New Books Network

Tim Koller, “Valuation: Measuring and Managing the Value of Companies” (Wiley, 2020)
What’s a company worth? To judge by the stock market, you might think that there is little rhyme or reason to the exercise. Yet, since the beginning of commerce thousands of years ago, people have been asserting the value of enterprises. Despite that long history, the math and specific logic... Read More
Sabine Hildebrandt, “The Anatomy of Murder: Ethical Transgressions and Anatomical Science during the Third Reich” (Berghahn, 2017)
Of the many medical specializations to transform themselves during the rise of National Socialism, anatomy has received relatively little attention from historians. While politics and racial laws drove many anatomists from the profession, most who remained joined the Nazi party, and some helped to develop the scientific basis for its... Read More
Luca Scholz, “Borders and Freedom of Movement in the Holy Roman Empire” (Oxford UP, 2020)
“Today we speak with Luca Scholz, a Lecturer at the University of Manchester. Dr. Scholz has varied interests: the relationship of political authority and human mobility, early modern history, and the use of geospatial and computational methods to study the past, all of which intersect in the topic of today’s... Read More
Caroline Stokes, “Elephants Before Unicorns: Emotionally Intelligent HR Strategies to Save Your Company” (Entrepreneur Press, 2019)
How does avoidance of conflict ultimately create more conflict in the workplace? Today I talked to Caroline Stokes, author of Elephants Before Unicorns: Emotionally Intelligent HR Strategies to Save Your Company (Entrepreneur Press, 2019) Stokes is the CEO of FORWARD, and the podcast host of The Emotionally Intelligent Recruiter. She... Read More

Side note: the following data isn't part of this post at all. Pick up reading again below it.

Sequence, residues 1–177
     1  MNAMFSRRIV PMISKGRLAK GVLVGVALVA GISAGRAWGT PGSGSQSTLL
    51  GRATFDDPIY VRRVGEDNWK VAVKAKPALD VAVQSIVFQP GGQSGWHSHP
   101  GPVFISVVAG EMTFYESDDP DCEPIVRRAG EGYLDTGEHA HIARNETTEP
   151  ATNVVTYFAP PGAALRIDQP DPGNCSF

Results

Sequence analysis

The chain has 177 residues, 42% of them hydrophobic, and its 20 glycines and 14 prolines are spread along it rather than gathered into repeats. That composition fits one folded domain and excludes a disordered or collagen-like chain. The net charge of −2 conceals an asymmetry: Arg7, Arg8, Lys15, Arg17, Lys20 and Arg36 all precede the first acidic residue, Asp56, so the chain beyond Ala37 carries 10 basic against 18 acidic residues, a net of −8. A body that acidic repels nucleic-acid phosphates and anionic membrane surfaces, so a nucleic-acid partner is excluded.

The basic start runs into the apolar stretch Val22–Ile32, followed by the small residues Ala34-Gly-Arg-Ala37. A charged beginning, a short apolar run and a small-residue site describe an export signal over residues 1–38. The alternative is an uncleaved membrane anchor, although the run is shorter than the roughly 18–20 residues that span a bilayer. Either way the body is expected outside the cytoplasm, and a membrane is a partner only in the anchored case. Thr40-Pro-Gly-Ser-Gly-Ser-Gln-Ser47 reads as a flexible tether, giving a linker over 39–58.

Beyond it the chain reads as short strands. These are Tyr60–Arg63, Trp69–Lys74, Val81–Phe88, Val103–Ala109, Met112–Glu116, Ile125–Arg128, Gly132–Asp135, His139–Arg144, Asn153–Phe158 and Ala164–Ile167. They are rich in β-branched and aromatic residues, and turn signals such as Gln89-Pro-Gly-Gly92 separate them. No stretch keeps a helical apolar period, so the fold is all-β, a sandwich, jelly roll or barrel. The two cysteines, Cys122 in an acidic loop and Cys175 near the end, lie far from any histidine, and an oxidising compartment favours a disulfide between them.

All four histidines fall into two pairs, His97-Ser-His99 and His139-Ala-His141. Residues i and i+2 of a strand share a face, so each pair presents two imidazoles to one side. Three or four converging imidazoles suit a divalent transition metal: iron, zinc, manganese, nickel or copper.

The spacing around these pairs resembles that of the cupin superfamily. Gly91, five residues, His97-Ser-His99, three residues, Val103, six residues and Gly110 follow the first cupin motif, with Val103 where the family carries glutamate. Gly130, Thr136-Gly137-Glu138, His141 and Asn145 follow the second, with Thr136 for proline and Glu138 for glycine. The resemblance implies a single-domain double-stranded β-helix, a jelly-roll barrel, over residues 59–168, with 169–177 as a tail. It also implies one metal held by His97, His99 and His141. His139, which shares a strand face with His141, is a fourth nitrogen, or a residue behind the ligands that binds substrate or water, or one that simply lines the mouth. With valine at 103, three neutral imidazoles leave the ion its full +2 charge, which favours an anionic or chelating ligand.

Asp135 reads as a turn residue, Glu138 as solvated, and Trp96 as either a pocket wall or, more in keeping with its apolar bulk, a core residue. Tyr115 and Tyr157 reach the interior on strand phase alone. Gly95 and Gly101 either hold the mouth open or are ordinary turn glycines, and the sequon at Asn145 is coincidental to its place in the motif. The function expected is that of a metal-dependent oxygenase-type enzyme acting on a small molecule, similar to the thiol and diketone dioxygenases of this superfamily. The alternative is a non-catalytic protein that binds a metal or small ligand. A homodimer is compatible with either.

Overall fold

Mia Fischer, “Terrorizing Gender: Transgender Visibility and the Surveillance Practices of the U.S. Security State” (U Nebraska Press, 2019)
In Terrorizing Gender: Transgender Visibility and the Surveillance Practices of the U.S. Security State (University of Nebraska Press, 2019), Mia Fischer traces how media and state actors collude in the violent disciplining of trans women, exposing the traps of visibility by illustrating that dominant representations of trans people as deceptive,... Read More
B. Fong and D. I. Spivak, “An Invitation to Applied Category Theory: Seven Sketches in Compositionality” (Cambridge UP, 2019)
Category theory is well-known for abstraction—concepts and tools from diverse fields being recognized as specific cases of more foundational structures—though the field has always been driven and shaped by the needs of applications. Moreover, category theory is rarely introduced even to undergraduate math majors, despite its unifying role in theory... Read More
Robert Gerwarth, “November 1918: The German Revolution” (Oxford UP, 2020)
Was Weimar doomed from the outset? In November 1918: The German Revolution (Oxford University Press, 2020), Robert Gerwarth argues that this is the wrong question to ask. Forget 1929 and 1933, the collapse of Imperial Germany began as a velvet revolution where optimism was as common as pessimism. A masterful... Read More
Michael B. Horn, “Choosing College: How to Make Better Learning Decisions Throughout Your Life” (Jossey-Bass, 2019)
What if everything we tell each other – and ourselves – about why we choose college isn’t true?  Is higher education an ideal, a personal goal, or might it be a “job-to-be-done?” In Choosing College: How to Make Better Learning Decisions Throughout Your Life (Jossey-Bass, 2019), author Michael Horn and his... Read More
Richard M. Gergel, “Unexampled Courage” (Sarah Crichton Books, 2019)
In his new book Unexampled Courage: The Blinding of Sgt. Isaac Woodard and the Awakening of President Harry S. Truman and Judge J. Waties Waring (Sarah Crichton Books, 2019), District Judge Richard M. Gergel asks pertinent questions for the Summer of 2020. How do tragic events awaken white people to the... Read More